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2. Financial intermediaries

2.1. Learning objectives

After studying this text the learner should / should be able to:

1. Explain the concepts of direct and indirect financing.

2. Distinguish between primary and indirect securities.

3. Examine the concept of financial intermediation.

4. Offer an opinion on why financial intermediaries exist.

5. Elucidate the economic functions of financial intermediaries.

6. Examine the logical categorization of financial intermediaries.

7. Describe the relationship of financial intermediaries to one another.

8. List the financial intermediaries that populate most countries.

2.2. Introduction

Financial intermediaries evolved over many years to perform the financial-related functions desired by the four sectors of the economy: household, corporate, government and foreign sectors. However, some of them have been legislated into being, such as the central bank. We cover the various aspects of financial intermediaries in the following sections:

• Financial intermediation.

• Economic functions of financial intermediaries.

• Financial intermediaries.

• Intermediation functions.

2.3. Financial intermediation

Income does not usually match expenditure; therefore surplus and deficit economic (budget) units exist. Given their existence, which amounts to a supply of and a demand for loanable funds, some financial conduit is necessary if the excess funds of surplus units are to be transferred to deficit units. The needs of these units may be reconciled either through direct financing or indirect financing, i.e. through the interposition of financial intermediaries.

Direct financing involves the bringing together of lenders and borrowers (and often entails the interposition of a broker who would act as a go-between in return for a commission, i.e. s/he distributes the claims on borrowers - debt and equity - among the lenders). However, a clash of interests exists between borrowers and lenders, and it is therefore rare that the ultimate lenders and borrowers are able to meet in order consummate a deal.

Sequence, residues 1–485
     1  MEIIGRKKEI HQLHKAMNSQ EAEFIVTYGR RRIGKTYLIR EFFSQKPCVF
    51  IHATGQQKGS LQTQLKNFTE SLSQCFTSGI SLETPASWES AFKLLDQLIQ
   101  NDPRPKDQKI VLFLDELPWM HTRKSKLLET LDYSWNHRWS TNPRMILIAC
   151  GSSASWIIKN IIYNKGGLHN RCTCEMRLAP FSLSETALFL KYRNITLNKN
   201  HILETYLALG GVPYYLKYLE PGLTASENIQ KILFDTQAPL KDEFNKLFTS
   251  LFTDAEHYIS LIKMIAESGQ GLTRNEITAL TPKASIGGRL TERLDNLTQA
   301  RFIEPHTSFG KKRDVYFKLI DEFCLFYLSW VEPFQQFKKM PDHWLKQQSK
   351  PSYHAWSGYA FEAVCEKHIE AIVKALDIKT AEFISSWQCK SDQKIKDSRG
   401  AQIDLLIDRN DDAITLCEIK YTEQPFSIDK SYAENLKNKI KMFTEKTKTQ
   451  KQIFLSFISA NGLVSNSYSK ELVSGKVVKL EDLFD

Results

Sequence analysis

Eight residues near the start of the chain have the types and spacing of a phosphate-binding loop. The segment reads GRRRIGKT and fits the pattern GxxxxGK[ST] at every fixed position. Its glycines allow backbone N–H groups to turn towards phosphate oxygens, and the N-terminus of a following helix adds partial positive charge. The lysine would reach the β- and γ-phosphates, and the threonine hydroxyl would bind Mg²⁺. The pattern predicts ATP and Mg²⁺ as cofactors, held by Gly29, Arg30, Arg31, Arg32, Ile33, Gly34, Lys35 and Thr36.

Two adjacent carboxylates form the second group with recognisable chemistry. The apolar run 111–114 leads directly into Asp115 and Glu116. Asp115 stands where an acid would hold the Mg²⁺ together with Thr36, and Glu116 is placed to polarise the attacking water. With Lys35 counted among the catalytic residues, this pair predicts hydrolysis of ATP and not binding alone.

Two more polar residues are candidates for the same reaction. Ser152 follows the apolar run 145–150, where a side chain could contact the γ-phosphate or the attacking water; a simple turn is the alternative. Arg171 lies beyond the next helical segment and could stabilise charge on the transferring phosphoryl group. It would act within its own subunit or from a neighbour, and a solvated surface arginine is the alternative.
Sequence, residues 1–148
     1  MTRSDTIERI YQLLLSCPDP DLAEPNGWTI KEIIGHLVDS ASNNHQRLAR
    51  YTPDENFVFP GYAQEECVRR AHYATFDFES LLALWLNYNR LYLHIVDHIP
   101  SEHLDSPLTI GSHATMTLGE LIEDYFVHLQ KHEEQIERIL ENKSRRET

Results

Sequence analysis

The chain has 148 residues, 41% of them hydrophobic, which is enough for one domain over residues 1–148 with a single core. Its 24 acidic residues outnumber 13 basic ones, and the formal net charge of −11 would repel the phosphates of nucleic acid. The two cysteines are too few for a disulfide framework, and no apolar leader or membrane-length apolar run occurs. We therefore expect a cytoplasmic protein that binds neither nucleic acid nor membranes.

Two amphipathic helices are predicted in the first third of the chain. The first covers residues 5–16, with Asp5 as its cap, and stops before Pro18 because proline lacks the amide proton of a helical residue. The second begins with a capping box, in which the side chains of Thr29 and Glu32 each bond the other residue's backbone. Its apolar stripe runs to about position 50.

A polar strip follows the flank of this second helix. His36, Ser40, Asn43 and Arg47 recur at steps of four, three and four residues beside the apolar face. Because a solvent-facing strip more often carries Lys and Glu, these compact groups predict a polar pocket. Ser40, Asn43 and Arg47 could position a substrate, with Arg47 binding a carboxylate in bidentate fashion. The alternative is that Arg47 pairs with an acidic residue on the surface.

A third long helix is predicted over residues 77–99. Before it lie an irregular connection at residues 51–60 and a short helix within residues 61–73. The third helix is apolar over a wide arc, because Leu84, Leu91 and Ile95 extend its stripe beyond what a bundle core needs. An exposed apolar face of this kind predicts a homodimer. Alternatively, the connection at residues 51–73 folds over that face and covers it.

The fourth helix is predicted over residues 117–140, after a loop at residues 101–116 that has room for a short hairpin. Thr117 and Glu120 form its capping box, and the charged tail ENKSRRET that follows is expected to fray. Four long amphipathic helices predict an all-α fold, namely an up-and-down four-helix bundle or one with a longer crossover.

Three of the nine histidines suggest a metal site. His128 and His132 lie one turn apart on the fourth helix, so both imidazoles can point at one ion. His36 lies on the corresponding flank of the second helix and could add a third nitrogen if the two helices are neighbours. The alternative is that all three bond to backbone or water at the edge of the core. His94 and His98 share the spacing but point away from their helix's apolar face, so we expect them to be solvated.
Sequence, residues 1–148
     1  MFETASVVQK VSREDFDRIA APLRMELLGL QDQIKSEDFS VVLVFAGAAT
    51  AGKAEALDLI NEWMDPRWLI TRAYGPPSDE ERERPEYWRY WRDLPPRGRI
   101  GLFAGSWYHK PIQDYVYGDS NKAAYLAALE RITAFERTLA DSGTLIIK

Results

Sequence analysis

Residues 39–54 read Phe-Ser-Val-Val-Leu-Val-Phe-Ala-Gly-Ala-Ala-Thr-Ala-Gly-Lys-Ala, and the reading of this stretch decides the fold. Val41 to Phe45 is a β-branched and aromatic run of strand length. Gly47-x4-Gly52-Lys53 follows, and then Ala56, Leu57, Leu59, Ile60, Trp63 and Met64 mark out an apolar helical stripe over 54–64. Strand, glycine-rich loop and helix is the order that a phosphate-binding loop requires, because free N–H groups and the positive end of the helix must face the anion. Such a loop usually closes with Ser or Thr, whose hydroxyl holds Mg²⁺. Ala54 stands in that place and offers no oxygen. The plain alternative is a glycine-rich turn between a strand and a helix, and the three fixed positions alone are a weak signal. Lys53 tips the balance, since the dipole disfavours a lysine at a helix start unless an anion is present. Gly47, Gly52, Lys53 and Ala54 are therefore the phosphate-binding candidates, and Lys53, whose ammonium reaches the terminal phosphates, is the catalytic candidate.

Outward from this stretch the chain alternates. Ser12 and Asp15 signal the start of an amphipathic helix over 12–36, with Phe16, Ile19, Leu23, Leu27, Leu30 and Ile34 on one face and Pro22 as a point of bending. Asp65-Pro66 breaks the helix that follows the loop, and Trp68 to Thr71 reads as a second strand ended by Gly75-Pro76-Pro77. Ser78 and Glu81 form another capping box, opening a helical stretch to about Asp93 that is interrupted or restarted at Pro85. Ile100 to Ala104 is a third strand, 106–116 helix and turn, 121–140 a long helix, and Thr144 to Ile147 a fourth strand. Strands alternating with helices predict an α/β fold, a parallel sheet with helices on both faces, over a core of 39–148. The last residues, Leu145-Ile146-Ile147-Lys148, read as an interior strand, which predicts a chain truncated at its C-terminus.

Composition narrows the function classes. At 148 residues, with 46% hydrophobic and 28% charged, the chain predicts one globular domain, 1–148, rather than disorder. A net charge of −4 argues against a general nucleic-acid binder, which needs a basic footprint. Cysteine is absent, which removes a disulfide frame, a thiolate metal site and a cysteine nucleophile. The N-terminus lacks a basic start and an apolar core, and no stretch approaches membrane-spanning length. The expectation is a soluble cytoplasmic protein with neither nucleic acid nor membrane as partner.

This is so because lenders tend to require investments (buy financial instruments / securities) that differ from those that borrowers prefer to issue, and the differences involve characteristics such as size, term to maturity, quality, liquidity, etc. Put another way, borrowers generally require accommodation (i.e. issue financial instruments / securities) on terms differing from those which lenders are willing or able to grant (i.e. buy financial instruments / securities).

direct & indirect financing

Figure 1: direct & indirect financing

Financial intermediaries, performing so-called indirect financing, assist in resolving this conflict between lenders and borrowers by creating markets in two types of financial instruments, i.e. one type for borrowers and another for lenders. They offer claims against themselves, customized to satisfy the needs (in terms of the characteristics of instruments mentioned above) of the lenders, in turn acquiring claims on the borrowers. The former claims are usually referred to as indirect securities and the latter as primary securities. This is depicted in Figure 1.

The financial intermediaries, of course, receive a fee, represented by the difference between the cost of the indirect securities they issue (interest, dividends, capital gains paid) and the revenue (interest, dividends, capital gains) earned from the primary securities they purchase. In the case of banks this is called the margin. They of course also levy other fees as well.

Another way of seeing financial intermediaries is that they are financial instrument / security transformers. They transform various primary securities with particular features into others with different features, much like a securitization vehicle. In the process financial intermediaries bring about a number of economic benefits. These are covered next.

 
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